Fordham Will Adjust With No Football Season Due To COVID

By Rich Mancuso/

“Unfortunate, we will play at some point”  

And Joe Conlin, the head football coach at Fordham University hopes his football team will play at some point in 2020. Monday, due to the Patriot League’s decision not to engage in  competition in the fall season, the 2020 Fordham University football season was suspended.   

Credit Fordham University

That decision hurts the coach and his student-athletes up at Rose Hill. But, similar to other major Division 1 NCAA football programs that have suspended conference play, some the entire season, the decision is based on the safety and concern of athletes and personnel.

There was no other option to suspend the season with that continued safety concern of COVID-19, though major sports leagues attempt a return to some type of normalcy by the end of this month.

Regardless, Fordham had cancelled their first four games that included a trip to Hawaii.  Players were set to begin practice up at Rose Hill in a few weeks. Instead, a season of hope is on hold, and this will be the first fall without varsity football at Fordham since 1963,. 

The first without any football since 1963 when the Rams competed at the club level from 1964-1969. The uncertainty of the coronavirus also has put fall semester classes on hold at the Rose Hill campus for the fall semester. 

“They are keeping options for a spring season on the table and make decisions at a later date,” Conlin said. 

The third season for Conlin and his Rams came with anticipation. Returning  were 22 starters after going 4-8 overall last year, 2-4 in the conference.

 “Essentially everybody from last year,” Conlin said as he continues to stay in contact with his coaches and players via Zoom.

 A potential recruiting class for next year is also having an impact. The Rose Hill campus is off limits, and Conlin is conducting that new norm of recruitment via the Zoom conference call.

“It’s difficult, the aspect we don’t get them to campus, not having the ability to display one of our aspects,” he  said. 

He said about the season that  was anticipated, “We felt great. We felt we were having a great off season. Very very frustrating. Would be on campus two weeks from tomorrow to start fall practice.” 

Instead, the coach is at home. That’s okay for safety. But the job is not the same without that personal one-on-one approach with his players and coaching staff. 

“We gave them some time to adjust,” Conlin commented about his roster for the 2020 Patriot League season.  “Hope to be back on campus  for the school year depending on what happens.”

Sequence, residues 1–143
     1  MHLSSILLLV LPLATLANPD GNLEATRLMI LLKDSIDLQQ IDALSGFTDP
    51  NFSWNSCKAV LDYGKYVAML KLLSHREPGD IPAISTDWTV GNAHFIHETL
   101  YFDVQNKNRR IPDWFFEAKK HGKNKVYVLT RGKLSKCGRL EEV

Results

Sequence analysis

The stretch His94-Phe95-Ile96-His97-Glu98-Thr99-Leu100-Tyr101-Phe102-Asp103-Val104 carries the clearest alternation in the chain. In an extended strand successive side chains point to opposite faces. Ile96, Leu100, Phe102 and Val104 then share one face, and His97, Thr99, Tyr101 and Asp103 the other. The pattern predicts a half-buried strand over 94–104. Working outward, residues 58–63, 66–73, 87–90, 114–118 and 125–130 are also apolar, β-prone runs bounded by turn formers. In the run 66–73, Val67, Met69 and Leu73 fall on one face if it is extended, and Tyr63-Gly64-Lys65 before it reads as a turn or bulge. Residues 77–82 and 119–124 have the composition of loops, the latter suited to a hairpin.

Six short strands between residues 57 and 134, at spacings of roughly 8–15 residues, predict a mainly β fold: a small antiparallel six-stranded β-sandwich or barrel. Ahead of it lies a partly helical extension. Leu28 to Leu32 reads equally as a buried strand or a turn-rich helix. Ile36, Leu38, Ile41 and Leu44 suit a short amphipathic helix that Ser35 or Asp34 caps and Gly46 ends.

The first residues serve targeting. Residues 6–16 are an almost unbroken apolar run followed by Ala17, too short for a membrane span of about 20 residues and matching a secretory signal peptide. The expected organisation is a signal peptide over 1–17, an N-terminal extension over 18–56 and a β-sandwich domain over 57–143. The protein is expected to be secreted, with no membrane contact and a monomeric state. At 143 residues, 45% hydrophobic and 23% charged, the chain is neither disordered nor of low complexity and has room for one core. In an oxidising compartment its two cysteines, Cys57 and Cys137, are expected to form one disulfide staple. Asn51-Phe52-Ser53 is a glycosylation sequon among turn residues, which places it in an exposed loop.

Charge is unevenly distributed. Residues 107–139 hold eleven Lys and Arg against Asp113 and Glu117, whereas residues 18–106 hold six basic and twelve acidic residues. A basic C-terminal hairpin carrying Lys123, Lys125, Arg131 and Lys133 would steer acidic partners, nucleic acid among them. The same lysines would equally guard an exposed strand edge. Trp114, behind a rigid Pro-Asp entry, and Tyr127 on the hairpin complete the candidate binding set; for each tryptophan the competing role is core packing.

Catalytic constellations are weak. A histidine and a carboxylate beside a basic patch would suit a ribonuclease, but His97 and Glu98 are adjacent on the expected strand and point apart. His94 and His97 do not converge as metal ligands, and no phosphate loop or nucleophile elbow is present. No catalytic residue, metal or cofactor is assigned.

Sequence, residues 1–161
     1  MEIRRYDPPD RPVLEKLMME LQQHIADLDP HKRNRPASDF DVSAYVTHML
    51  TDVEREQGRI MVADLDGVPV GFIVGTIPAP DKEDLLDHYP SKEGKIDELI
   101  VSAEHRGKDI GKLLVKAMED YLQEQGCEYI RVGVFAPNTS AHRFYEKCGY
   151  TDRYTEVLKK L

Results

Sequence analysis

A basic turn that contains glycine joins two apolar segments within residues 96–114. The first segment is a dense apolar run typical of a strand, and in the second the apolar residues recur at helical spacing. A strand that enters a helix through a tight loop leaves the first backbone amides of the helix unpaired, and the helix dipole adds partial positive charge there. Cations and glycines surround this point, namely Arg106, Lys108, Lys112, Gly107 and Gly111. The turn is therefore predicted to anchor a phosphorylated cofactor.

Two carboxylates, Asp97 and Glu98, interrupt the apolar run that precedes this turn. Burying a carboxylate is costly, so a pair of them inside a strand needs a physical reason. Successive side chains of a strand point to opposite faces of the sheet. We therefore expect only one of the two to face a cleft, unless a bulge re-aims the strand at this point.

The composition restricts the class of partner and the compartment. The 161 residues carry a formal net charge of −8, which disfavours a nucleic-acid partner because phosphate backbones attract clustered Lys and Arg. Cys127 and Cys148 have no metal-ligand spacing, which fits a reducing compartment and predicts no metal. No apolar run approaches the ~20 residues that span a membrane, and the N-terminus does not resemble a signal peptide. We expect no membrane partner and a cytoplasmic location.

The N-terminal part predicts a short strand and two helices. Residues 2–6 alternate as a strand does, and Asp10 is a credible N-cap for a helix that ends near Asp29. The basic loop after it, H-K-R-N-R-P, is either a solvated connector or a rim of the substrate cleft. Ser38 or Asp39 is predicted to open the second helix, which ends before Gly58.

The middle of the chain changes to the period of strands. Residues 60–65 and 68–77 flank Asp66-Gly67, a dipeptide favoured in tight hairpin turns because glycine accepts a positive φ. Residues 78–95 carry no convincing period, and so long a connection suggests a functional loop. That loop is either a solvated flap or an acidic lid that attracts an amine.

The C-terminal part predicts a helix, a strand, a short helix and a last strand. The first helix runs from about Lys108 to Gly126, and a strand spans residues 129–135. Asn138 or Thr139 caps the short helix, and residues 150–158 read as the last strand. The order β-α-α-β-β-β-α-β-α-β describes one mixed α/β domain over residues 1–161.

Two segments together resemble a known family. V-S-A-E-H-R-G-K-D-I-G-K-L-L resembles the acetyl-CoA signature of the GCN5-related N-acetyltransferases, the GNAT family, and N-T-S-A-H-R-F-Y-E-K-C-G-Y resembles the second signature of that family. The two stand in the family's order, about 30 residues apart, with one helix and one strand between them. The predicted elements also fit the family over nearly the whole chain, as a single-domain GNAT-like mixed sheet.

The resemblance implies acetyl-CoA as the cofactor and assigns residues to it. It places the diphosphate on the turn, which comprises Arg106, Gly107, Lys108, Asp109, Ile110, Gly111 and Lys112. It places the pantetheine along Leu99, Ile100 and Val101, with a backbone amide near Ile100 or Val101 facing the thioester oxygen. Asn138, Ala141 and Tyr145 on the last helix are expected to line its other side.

There could be a spring season. And there may not be. That  also depends on the status of this unknown virus that can be more perplexing than a coach making decisions on fourth and goal.  

Of course this is a setback. The Rams will adjust as we all are to this new norm.  But, when the fall approaches we all need some football. Also, the entire scope of the 2020 NCAA football season is up in the air. 

“While it is disheartening to suspend our football season, I fully support the decision made by the Patriot League” said Fordham interim director of athletics Ed Kull. “As I’ve said before, the health and well being of our student-athletes is our number one priority.”

He said this was the necessary step to keep Fordham student-athletes, coaches, staff, and their  department healthy. 

“We must lead through these challenging times by minimizing the risk and potential exposure of harm to our student-athletes, that is my biggest concern.”

Yes, this is a setback. Conlin, though, as all in the sports community are more concerned with the health and safety issues at hand and we all want sports and that diversion.

However, the coronavirus does take precedence over sports. Those involved with high school and collegiate sports are also paying strict attention to the guidelines set forth by medical and government authorities.

 COVID-19 has now taken a toll on a younger age group. The college campus community and intercollegiate athletics are at risk. 

Conlin remains very optimistic about a vaccine that will work and be effective. The question remains, when will a vaccine be available and to what extent will it take to assure it works?   

He’s a coach. The concern is for his student-athletes and at the same time there is concern for himself, his family, and an entire global community. 

“I don’t know, you look closely what’s  going around the country,” Conlin said. “The Patriot League made a very difficult but correct decision. The health of our student – athletes is number one.”  

He said, football on a Saturday in the fall is a great feeling.  Fordham was scheduled to open the home season up at Rose Hill, Saturday August 29th against Stony Brook University.

“Certainly will hit home,” Conlin said.  “We should be playing. Should have been our home opener. Certainly will feel different but we have to be there for our student athletes.”

Comment:  Twitter@Ring786 Mancuso

Categories: football

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